A culture recognising mental health issues is important. This guidance identifies the tools available to use to help those with mental health issues in schools.

Although employers cannot control all the factors that affect mental health, they have a key role in managing the working conditions that can have an influence on stress and mental health, as well as ensuring people with mental ill-health issues have the support they need and are not discriminated against or stigmatised.

Managing mental health issues in schools will help you to:

  • retain valuable, skilled, and experienced staff, saving time and costs

  • reduce sickness absence and create a more healthy work environment

  • enhance safety and increase productivity

  • demonstrate commitment to your staff.

In addition to managing their own mental health, staff in schools must have an awareness of the mental health of children and young people. It is important to provide mental health training opportunities for teachers.

The link between stress and mental health

While stress is not a mental illness, many of the symptoms of stress and mild mental health conditions are similar. In addition, stress can exacerbate an existing mental health issue and affect a sufferer’s ability to cope, as it can with anyone.

It is important to train school leaders in the actions they can take to control stress in the workplace. Schools should have a clear stress at work policy in place.

What do you need to do?

  1. Draw up your mental health at work policy. Ideally this should be part of an overall wellbeing strategy.

  2. Combine this with an effective work/life balance policy and aim to provide the best working environment for the health and wellbeing of staff.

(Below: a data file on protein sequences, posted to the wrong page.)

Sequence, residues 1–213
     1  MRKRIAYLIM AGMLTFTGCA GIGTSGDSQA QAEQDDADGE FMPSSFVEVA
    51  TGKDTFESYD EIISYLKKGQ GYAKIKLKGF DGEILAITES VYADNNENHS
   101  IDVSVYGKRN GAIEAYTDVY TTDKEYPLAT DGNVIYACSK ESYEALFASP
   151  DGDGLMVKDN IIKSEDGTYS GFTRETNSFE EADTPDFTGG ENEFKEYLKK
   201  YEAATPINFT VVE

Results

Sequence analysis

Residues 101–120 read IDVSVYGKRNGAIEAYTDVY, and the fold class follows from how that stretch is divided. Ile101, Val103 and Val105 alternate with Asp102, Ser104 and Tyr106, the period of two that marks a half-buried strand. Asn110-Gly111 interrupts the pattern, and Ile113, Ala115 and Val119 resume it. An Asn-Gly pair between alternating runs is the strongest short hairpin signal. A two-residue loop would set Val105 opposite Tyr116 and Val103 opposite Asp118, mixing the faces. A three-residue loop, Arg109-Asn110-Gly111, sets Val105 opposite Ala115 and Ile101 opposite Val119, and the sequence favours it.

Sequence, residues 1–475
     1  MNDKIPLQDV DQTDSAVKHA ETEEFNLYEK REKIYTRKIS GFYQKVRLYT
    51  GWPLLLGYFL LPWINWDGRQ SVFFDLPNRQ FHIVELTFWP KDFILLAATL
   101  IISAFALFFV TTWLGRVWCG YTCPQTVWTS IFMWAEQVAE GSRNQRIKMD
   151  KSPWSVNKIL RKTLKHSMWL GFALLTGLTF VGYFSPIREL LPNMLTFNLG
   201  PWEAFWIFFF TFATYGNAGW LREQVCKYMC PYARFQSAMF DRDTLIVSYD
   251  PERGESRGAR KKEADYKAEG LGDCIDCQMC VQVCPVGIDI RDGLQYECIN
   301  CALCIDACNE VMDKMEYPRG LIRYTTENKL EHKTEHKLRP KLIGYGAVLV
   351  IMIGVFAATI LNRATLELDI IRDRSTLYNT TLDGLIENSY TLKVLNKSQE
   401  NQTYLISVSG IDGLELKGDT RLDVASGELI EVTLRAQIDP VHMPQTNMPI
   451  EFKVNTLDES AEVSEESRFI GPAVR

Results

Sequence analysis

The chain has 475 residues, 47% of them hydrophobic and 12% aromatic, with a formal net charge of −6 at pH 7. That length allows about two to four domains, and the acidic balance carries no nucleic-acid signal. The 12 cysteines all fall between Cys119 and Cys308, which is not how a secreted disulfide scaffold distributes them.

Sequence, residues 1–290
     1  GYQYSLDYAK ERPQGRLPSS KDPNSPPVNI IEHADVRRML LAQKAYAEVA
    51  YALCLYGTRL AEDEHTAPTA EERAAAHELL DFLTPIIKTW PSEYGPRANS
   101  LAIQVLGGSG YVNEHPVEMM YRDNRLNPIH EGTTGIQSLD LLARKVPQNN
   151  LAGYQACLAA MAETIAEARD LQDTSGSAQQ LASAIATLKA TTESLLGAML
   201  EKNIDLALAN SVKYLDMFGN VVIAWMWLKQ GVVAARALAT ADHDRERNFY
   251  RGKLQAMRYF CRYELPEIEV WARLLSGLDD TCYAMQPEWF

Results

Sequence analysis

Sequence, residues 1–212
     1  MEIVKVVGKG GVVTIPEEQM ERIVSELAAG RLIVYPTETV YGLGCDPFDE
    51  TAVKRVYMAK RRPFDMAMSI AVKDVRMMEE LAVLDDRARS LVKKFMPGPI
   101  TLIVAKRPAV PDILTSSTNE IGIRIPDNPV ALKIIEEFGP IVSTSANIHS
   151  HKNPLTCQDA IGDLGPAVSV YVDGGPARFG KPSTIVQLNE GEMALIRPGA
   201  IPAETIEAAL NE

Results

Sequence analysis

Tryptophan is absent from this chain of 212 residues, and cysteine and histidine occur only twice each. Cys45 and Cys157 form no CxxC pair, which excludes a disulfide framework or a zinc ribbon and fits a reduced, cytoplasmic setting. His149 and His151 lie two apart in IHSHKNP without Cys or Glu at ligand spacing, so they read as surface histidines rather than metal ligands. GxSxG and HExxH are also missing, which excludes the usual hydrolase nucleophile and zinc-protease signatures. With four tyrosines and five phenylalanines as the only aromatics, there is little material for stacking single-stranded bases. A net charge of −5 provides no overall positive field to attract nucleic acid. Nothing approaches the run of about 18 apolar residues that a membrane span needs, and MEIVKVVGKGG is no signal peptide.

3. Distribute guidance from the Guide to Mental Health to relevant members of the senior leadership team, ie Heads, Deputy Heads and assistants.

  4. Train members of the senior leadership team to spot the signs of staff having psychological or emotional difficulties and to know what help is available.

    One form of training for members of the senior leadership team and other members of staff could be as mental health first aiders. These people could also be trained to deal with the aftermath of a traumatic incident. The procedures they must follow should be clearly set out in the stress at work in schools policy.

  5. Promote awareness of mental health issues and create a culture where staff feel they can talk about their concerns.

    • Empower a “mental health champion” to build an open culture and destigmatise mental health issues, eg through awareness days, surveys, posters and talks.

    • Offer a range of options for support and ways that people can ask for help (members of the senior leadership team, HR person, mental health champion, mental health first aiders, EAP) so different people can be helped in different ways.

    • Communicate all these options to staff through as many different points and media as possible.

    • Furnish members of the senior leadership team and trained staff with clear information on how to respond (ie the options of where to refer staff, the policy on days off work, who they are allowed to discuss the member of staff with, etc).

  6. Communicate information to staff across the school about understanding and managing stress and create an awareness of the impact of stress on mental health in schools.

Detailed advice on mental health

The following topics offer in-depth advice and a variety of resources to help you manage mental health, stress and performance-related issues in schools.

Summary advice

These feature articles provide useful background information on the measures employers can take to deal with mental health issues potentially affecting their staff and pupils.

Last reviewed 8 February 2022